Jewish Funeral Traditions
The Process of a Jewish Funeral
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While not every Jewish family rigorously follows Jewish funeral traditions, it still can be said that there is a fundamental, widely shared, Jewish perspective on life and death: all people are worthy of respect. This fundamental belief guides Jewish people in everything they do, including the physical care of the body after death.
In fact, Jewish funeral tradition argues that the human body is the vessel for a holy human life. In fact, “the sacredness of the deceased has been compared to an impaired Torah scroll which, although no longer useable, retains its holiness.”After death, this fragile vessel is considered sacred, and must be handled–to one degree or another–according to Jewish funeral customs. The degree to which these funeral traditions are followed depends largely on which of the three Jewish movements the family belongs to: Orthodox, Conservative or Reform.
Without doubt, the Jewish people are deeply committed to serving the community in which they live, and the society as a whole. This commitment is so strong that Rabbi Ken Spiro wrote, "In Judaism, social consciousness is a legal obligation."
However, upon a death of a family member, the obligations of the immediate family members change. For the parents, siblings, spouse or children of the deceased, this outward focus turns inward. In fact they are effectively relieved of all their religious obligations–except to attend to the practicalities of arranging for the funeral.
In rural areas, it becomes the duty of the Jewish community to voluntarily come to their aid in making preparations for the burial of the deceased. However, here in the metropolitan areas of New York, the duties are performed by a Chevra Kadisha who receive a fee to complete the required tasks.
Things generally move fairly quickly. Because Jewish written law, known as the Torah, states "You shall bury him the same day....His body should not remain all night", a Jewish burial usually occurs within 24 hours of death. Again, however, this ideal scenario is often compromised by reality; but certainly the funeral should take place as soon as possible.
First, the cleansing of the body, or Taharah, a ritual of purification, is performed. At this point, if traditional guidelines are being strictly followed, the body will be dressed in the Tachrichim, a simple linen or muslin garment. But, as we said before, there is much variation in the actual practice of Jewish funeral traditions. This means the deceased could also be dressed in an appropriately somber suit or dress.
A Tallit, or prayer shawl, may be placed around the shoulders of a Jewish man. If so, the Tzitzit, or corner fringe of the shawl, is cut as a symbol of how their death had effectively removed the Mitzvot responsibilities they carried during their lifetime.
When the body is placed in the traditionally-constructed casket, simply designed and without metal parts; a small amount of Eretz Yisroael, or Israeli earth, may be placed either under the head of the deceased, or sprinkled over their face and head.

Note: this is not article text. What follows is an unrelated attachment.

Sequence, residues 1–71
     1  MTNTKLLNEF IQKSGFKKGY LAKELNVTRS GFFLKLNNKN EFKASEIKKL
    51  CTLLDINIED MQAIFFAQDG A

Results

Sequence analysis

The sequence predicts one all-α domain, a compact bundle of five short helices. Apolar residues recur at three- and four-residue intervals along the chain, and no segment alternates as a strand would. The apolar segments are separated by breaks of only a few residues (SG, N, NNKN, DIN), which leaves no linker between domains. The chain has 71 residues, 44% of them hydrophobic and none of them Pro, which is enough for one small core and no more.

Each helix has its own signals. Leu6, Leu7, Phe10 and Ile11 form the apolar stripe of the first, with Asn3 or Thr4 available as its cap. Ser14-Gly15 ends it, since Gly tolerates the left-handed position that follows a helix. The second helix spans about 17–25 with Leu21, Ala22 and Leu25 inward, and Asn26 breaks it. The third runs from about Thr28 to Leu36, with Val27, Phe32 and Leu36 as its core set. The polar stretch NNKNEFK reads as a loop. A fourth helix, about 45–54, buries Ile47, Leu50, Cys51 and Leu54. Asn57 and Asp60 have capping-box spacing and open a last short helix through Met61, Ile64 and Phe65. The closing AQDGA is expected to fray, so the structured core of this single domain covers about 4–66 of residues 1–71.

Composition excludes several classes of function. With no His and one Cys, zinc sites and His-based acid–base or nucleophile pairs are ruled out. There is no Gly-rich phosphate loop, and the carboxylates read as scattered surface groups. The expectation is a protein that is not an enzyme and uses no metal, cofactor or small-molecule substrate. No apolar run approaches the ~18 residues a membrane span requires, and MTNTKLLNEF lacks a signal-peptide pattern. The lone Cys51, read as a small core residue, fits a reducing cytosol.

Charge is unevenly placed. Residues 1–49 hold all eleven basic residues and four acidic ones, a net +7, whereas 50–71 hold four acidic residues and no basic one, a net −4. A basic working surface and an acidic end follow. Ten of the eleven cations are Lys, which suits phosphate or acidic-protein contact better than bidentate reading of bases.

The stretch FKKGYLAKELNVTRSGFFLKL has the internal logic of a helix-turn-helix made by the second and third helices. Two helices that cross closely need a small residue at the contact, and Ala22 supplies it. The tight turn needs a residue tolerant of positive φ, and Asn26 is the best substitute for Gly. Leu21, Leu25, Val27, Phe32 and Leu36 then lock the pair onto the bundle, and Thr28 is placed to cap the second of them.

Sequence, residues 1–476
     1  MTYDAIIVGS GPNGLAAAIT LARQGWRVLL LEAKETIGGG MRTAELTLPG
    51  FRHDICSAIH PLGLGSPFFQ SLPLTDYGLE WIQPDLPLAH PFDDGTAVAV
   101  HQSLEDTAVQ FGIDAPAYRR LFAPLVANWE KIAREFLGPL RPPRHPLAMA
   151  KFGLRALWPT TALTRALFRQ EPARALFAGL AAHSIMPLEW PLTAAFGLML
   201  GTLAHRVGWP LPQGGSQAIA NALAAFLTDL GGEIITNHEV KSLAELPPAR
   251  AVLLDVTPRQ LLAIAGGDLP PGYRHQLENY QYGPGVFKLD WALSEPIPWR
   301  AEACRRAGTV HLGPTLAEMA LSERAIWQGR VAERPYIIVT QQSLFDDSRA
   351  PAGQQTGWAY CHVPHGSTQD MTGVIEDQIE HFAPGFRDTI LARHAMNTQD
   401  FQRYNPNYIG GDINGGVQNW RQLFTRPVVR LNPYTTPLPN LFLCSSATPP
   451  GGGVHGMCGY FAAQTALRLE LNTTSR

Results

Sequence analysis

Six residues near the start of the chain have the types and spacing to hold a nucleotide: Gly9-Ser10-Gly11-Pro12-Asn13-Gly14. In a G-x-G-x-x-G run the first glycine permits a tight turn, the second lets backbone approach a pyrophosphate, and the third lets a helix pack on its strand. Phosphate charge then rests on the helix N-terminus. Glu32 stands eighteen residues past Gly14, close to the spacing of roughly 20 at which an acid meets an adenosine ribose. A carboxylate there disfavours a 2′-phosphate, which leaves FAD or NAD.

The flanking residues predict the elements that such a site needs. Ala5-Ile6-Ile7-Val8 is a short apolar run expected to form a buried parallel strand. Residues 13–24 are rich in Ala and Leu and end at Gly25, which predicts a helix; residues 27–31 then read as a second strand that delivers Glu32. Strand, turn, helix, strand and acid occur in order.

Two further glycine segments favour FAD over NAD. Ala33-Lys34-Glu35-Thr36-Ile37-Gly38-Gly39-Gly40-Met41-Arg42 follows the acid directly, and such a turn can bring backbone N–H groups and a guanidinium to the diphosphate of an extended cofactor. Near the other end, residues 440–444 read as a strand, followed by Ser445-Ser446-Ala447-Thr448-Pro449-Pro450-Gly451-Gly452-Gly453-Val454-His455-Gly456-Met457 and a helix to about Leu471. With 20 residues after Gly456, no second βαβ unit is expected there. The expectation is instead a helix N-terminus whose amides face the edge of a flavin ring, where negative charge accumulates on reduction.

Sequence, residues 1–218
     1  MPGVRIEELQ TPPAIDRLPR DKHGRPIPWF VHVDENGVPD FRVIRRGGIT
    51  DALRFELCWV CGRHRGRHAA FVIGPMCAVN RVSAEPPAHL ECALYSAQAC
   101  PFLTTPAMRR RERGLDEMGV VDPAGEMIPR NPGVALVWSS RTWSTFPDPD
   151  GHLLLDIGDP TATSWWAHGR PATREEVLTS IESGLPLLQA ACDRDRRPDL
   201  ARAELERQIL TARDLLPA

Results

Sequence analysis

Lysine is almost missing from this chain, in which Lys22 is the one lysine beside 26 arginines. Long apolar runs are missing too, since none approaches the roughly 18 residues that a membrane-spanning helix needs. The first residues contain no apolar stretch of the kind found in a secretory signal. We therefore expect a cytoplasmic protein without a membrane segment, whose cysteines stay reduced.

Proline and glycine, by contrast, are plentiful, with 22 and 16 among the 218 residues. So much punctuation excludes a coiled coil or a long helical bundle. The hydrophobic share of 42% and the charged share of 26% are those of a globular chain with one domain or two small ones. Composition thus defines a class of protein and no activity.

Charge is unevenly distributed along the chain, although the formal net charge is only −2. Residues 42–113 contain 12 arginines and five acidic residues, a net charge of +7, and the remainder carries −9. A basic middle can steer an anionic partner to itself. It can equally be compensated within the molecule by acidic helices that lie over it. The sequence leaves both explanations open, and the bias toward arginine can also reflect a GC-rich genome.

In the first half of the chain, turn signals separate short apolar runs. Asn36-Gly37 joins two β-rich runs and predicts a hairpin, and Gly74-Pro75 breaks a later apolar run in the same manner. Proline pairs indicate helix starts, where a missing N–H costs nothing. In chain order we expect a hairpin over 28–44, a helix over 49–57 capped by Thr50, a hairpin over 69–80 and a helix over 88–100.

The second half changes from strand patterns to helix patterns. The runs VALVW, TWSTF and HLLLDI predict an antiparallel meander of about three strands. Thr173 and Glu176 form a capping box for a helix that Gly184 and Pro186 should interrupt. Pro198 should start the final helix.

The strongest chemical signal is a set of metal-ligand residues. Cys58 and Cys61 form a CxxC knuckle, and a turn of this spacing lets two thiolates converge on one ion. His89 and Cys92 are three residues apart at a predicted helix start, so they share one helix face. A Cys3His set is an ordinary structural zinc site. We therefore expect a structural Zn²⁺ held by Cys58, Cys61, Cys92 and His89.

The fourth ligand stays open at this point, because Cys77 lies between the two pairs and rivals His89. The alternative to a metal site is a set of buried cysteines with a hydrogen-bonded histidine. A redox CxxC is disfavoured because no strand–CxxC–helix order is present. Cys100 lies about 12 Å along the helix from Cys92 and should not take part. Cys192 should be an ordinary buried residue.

It's a Jewish funeral tradition that the body is not left alone at any time between death and burial. This is the time of Shmira, when a Shomer, or “watchman”, stays with the body, reciting select prayers and psalms. Many Jewish families believe that the spirit of the deceased hovers in close proximity to the body; so this is seen as a very important time to compassionately intercede in the transition of the soul.
"Shmira," wrote Simcha Paull Raphael, in Jewish Views of the Afterlife, "is...a process of soul-guiding; the contemplative nonverbal communication between the world of the living and the realm of the discarnate soul. Sitting in front of the deceased, reciting Psalms, one should hold an attitude of a loving connection with the person who has died. The task requires trusting intuition and one's inner voices, listening inwardly for a response, and being attentive to synchronistic, meaningful experience. Soul-guiding is not a science; it is an art."
In the next article within this section of our website, you'll be introduced to–or reacquainted with–the elements within a traditional Jewish funeral service.
Sherman's Flatbush Memorial Chapel, Inc. has served Jewish families in Greater New York for over 115 years. We're keenly aware of the diversity of Jewish funeral services within the Jewish Orthodox, Conservative and Reform movements; and are very respectful of each family's choices in modifying Jewish funeral traditions to fit their unique needs.
It is our honor to provide families with a suitable location for both the traditional body preparations of Taharah as well as the safeguarding and guidance period known as Shmira. Please call our Jewish funeral home in NYC at (718) 377-7300 to learn more about how we can assist your family in preparing a loved one for a Jewish funeral service and proper burial.
Raphael, Paull Simcha, Jewish Views of the Afterlife, Rowman & Littlefield Publishers; Second Edition 2009.
Spiro, Ken, "Part 10: Jewish Family & Responsibility", accessed 2014.
United Synagogue of Conservative Judaism, "Guide to Jewish Funeral Practices," 2013.